March 01, 2004

IAQ Hero Joellen Lawson

Newtown, CT, former special education teacher Fairfield Public Schools: Lawson wants state standards for school maintenance and building renovation. Her 'Canary Committee' also backs required training for school district personnel on indoor air quality.        

Excerpt from hearings held by 107TH CONGRESS

Last Fall when I agreed to be interviewed for NEA Today and Schoolhouse News my motivation was to warn others of the dangers of poor indoor air quality before it is too late. I have learned my case is not an isolated one as teachers throughout the U.S. have told me about mold contamination in their schools and the physical symptoms they have endured which are sadly reminiscent of mine.

Their stories have strengthened my resolve to campaign for legally enforceable air quality standards. I believe if such policies had been in place the McKinley School disaster might have been averted. The extensive and extremely hazardous mold contamination at McKinley would not have been allowed to fester for years. The 'deferred maintenance' that contributed to the building's deterioration would not have been so readily tolerated had regular air quality testing been implemented.

Those of us with pre-existing conditions such as allergies and asthma who are most vulnerable to the effects of toxic air quality would have been more cognizant of the risks we were undertaking by simply coming to work at a sick building. I only wish I had been armed with the knowledge I have acquired since McKinley was shut down, before I was assigned there in 1991 and especially after my trip to the emergency room in 1998.

Many of the health and career decisions I made in 1998 would have been dramatically different had I comprehended the connection between my illness and work environment. First of all, I would never have exposed myself to such air quality again by re-entering the building. Secondly, I would have immediately filed for a workman's compensation claim. Finally, I would have sought the advice of a physician with a background in mold related illnesses. In that way, I might have avoided the waste of time, energy and expense of meeting with fourteen medical practitioners who ordered testing and the use of medicines which for the most part actually aggravated my condition.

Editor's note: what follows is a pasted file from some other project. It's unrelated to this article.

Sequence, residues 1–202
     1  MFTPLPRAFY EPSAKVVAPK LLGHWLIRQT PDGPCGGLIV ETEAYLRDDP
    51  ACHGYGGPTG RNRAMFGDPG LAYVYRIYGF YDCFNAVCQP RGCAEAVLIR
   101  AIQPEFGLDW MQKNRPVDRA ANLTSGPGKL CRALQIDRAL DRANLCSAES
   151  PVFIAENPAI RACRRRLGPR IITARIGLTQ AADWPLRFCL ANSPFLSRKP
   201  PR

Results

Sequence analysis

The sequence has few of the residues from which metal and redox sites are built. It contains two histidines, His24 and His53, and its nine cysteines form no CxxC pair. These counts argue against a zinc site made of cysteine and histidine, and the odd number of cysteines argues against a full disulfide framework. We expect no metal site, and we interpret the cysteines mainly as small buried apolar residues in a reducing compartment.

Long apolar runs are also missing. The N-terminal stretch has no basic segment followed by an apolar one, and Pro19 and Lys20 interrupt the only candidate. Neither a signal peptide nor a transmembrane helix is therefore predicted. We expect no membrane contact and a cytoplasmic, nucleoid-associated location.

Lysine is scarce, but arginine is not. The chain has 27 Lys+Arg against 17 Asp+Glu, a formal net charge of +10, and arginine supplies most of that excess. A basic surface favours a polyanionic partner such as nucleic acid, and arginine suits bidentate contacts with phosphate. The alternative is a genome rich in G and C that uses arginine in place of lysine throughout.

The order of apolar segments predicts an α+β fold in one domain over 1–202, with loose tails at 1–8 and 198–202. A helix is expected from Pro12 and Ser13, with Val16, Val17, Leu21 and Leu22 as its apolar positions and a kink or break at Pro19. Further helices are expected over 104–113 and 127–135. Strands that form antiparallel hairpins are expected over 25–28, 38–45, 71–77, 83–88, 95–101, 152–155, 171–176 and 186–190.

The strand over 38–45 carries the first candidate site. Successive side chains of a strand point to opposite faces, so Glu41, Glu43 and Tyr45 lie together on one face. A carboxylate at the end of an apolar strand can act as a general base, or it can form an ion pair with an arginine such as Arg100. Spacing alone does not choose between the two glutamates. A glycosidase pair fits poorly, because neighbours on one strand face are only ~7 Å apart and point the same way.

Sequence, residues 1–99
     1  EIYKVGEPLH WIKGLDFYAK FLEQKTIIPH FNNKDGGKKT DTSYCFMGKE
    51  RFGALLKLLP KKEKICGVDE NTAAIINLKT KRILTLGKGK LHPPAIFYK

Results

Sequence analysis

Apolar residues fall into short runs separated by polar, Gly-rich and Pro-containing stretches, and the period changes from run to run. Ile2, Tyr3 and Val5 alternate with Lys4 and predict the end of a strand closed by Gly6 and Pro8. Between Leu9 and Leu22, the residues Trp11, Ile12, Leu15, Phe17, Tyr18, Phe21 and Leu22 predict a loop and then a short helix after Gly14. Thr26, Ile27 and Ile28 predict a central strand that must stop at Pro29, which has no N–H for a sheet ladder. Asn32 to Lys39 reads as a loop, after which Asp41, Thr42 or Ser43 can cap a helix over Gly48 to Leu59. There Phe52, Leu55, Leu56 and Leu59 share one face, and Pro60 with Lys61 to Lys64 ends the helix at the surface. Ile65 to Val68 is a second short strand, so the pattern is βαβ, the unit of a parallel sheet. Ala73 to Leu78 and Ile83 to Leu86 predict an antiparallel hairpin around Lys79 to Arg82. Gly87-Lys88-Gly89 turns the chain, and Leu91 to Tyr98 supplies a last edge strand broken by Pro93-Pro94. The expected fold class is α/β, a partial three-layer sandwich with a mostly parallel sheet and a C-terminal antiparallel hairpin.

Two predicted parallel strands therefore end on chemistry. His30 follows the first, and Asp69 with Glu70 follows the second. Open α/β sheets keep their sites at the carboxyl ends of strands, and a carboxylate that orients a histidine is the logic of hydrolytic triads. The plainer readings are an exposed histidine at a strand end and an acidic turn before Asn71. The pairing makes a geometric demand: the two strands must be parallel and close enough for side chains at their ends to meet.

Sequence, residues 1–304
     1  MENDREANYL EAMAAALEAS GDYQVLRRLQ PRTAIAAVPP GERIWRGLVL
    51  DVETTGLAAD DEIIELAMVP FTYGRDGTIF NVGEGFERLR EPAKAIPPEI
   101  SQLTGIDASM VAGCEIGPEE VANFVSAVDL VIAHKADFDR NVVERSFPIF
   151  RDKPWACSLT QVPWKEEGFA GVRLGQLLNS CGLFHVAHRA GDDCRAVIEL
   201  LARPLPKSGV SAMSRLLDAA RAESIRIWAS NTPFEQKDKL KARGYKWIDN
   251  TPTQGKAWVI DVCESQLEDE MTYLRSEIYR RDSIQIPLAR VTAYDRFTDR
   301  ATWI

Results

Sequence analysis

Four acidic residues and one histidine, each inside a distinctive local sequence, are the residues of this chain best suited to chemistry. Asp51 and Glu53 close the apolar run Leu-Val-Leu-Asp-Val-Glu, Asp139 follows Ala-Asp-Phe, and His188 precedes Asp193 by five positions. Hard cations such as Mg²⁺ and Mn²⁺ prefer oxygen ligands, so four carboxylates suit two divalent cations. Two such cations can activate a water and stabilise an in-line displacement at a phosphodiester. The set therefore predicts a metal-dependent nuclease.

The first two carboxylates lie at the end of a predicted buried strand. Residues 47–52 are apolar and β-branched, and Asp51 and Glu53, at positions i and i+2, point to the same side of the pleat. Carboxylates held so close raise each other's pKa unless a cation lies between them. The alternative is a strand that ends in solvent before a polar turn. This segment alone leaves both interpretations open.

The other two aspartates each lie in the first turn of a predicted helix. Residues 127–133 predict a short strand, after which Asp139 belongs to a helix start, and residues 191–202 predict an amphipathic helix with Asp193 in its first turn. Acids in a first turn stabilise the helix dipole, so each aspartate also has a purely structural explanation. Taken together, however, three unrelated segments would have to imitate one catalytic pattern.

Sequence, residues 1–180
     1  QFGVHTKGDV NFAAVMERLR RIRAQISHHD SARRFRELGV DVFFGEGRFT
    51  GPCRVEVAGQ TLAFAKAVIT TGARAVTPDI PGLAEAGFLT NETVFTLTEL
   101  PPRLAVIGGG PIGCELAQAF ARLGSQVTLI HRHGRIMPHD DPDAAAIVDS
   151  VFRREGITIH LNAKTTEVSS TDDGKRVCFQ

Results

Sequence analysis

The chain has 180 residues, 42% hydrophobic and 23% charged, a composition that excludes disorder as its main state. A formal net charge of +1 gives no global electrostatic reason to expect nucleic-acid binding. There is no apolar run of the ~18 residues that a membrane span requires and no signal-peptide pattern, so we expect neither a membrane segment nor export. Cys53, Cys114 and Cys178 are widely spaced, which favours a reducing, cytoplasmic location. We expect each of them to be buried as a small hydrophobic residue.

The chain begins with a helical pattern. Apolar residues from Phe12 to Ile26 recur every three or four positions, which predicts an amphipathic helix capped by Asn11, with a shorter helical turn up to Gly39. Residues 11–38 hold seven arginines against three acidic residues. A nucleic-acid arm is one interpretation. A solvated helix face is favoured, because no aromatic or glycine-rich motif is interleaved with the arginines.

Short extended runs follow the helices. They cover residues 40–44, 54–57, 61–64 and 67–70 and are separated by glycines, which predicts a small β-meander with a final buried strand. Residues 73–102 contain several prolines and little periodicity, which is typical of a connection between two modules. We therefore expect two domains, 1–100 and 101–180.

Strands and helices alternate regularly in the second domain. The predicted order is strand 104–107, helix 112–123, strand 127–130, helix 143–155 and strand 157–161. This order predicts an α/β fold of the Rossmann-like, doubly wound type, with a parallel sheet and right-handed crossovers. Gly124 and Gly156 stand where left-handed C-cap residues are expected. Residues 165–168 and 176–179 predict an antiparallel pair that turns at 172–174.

Believe me, I do not relish exposing parts of my medical history in a public forum such as this. I realize doing so will not repair my health, fix my financial woes or bring back the daily contact with my students that made my job such a deeply satisfying one. However, if in some way my testimony helps to protect the basic civil right of teachers and students to work in a safe and healthy environment, then this will have been worth it. Thank you for you kind attention.

Read more:

CBS News: Kids Getting Sick From School, FAIRFIELD, Conn., June 5, 2002

National Education WEEKLY December 9, 2002 Vol. 1 No. 8
CANARIES IN A SCHOOLHOUSE: Former teacher Joellen Lawson was tired of the mold, dirt, poor ventilation and chemical fumes overtaking the Newton, Conn., school she once taught in. So she organized the Canary Committee to sing loudly of the ills of unhealthy school buildings. Lawson wants state standards for school maintenance and building renovation. The Canary Committee also backs required training for school district personnel on indoor air quality procedures. Now, who can argue against cleaning up the dirt in schools? In Lawson's view, the Fairfield school district did. The district was forced to spend more than $21 million to build a new school after closing the one where Lawson worked. (AP/Boston Globe, 12/2)

Connecticut Education Association: Schoolhouse News, Winter 2001-2002, The personal cost of poor air quality, School mold ends Fairfield teacher's career.